Mid-Autumn Festival

Submitted By Chinese Club Officers

SC Contributing Writers

“Of my 23 years of teaching at ESU, this year’s Mid-Autumn Festival was the biggest and greatest,” Dr. Shi, a retired professor, described his feeling during the festivities on Friday.

Nearly 120 people attended the festival, making it a success.

The Mid-Autumn Festival, called Zhong qiu jie, has long been a tradition in China, beginning in the Shang Dynasty, and is the second most famous festival after the Spring Festival.

The Mid-Autumn Fest is also known as the “Day of the Moon” because it is celebrated on the day the Harvest moon is fullest and brightest.

Traditionally, this is on the fifteenth day of the eighth month on China’s lunar calendar (which is around mid-September on the Gregorian calendar).

The moon symbolizes peace, prosperity and family reunion. In China, families who have moved away will travel back home to celebrate and reconnect.

Family and friends will gather in a circle to represent the moon while sharing a special dinner, followed by moon cake.

Conversation focuses on a reflection of the successes and misfortunes of the family members since the spring.

According to the five-element system consisting of water, wood, fire, earth and metal, autumn corresponds to metal.

During the festival, family members encourage each other to have strong, metal-like personalities that are difficult to break or surrender. They must be stronger than wood, where wood corresponds to the past spring.

At ESU, the Mid-Autumn Festival held many of the same traditions. In the Keystone Room, students, faculty and alumni gathered as a family around twelve circular tables to share a special Chinese dinner and moon cake.

The night’s events began with a speech from Professor Dongsheng Che, the advisor of Chinese club.

Then Gou Zhao Yuan, a Digital Media graduate student from China, presented the history and background of the festival giving insight to students unfamiliar with the traditions.

Professor Jane Chao Yu, a new Professor of Chinese at ESU, brought her Chinese II class to the spotlight, first reciting and then singing the famous Chinese poem “Shuidiao Getou” by poet Sushi in Song Dynasty.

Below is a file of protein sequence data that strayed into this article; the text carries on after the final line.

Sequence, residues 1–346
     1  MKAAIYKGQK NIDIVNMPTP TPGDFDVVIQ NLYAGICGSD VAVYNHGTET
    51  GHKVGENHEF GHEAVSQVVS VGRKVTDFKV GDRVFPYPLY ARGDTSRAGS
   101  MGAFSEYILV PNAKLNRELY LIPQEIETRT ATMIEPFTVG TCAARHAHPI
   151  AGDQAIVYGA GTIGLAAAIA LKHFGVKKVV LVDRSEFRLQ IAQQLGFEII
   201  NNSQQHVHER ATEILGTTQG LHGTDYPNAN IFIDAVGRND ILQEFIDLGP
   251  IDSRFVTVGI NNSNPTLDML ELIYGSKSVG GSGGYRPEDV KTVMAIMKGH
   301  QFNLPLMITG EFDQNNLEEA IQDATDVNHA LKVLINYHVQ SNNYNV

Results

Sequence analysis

In between each performance, host Zhengqi Hu and hostess Bobbi Sherman, the President and Vice President of the Chinese club, held the audience’s attention and stole a few laughs.

Zhengqi, as the third performer, showed traditional calligraphy to the group.

After encouraging the crowd to move out of their seats and surround his table, Zhengqi explained that calligraphy is a silent art and requested (with a smile) that everyone “shut up” while he demonstrated it.

Upon finishing, he stamped the parchment, traditionally called xuanzhi, three times with ink from a stone: two stamps for good fortune and one stamp with his name.

He then asked the crowd if anyone could read the unique characters he had scribed, and was impressed when Dr. Shi read nearly the entire poem aloud.

Perhaps the greatest contributor to the festival was the Chinese Club president, Zhengqi Hu.

Aside from hosting the event and demonstrating calligraphy, Zhengqi was responsible for many preparations behind-the-scenes, including making arrangements for food, renting the room, coordinating the event’s presenters, hanging publicity posters and personally buying the authentic moon cake from China Town in Philadelphia.

A graduate student with a Bachelor’s Degree in Political Science from Shenyang Normal University, China, Zhengqi is in his second year pursuing a Master’s Degree in Professional Secondary Education.

After college, his goal is to become a Mandarin Chinese teacher in the United States.

With this goal in mind, he currently tutors ESU students taking Chinese language classes.

Last semester, he also enjoyed running the Chinese Corner every Thursday night. This program put on by the Chinese Club taught Chinese culture and differences to students who have never traveled abroad.

The Chinese Club aims to introduce ESU students to Chinese exchange students, in order to promote a cultural awareness and establish a connection across the diverse campus.

The club welcomes any student, regardless of major and no prior knowledge of Chinese language is necessary.

Email Zhengqi Hu at: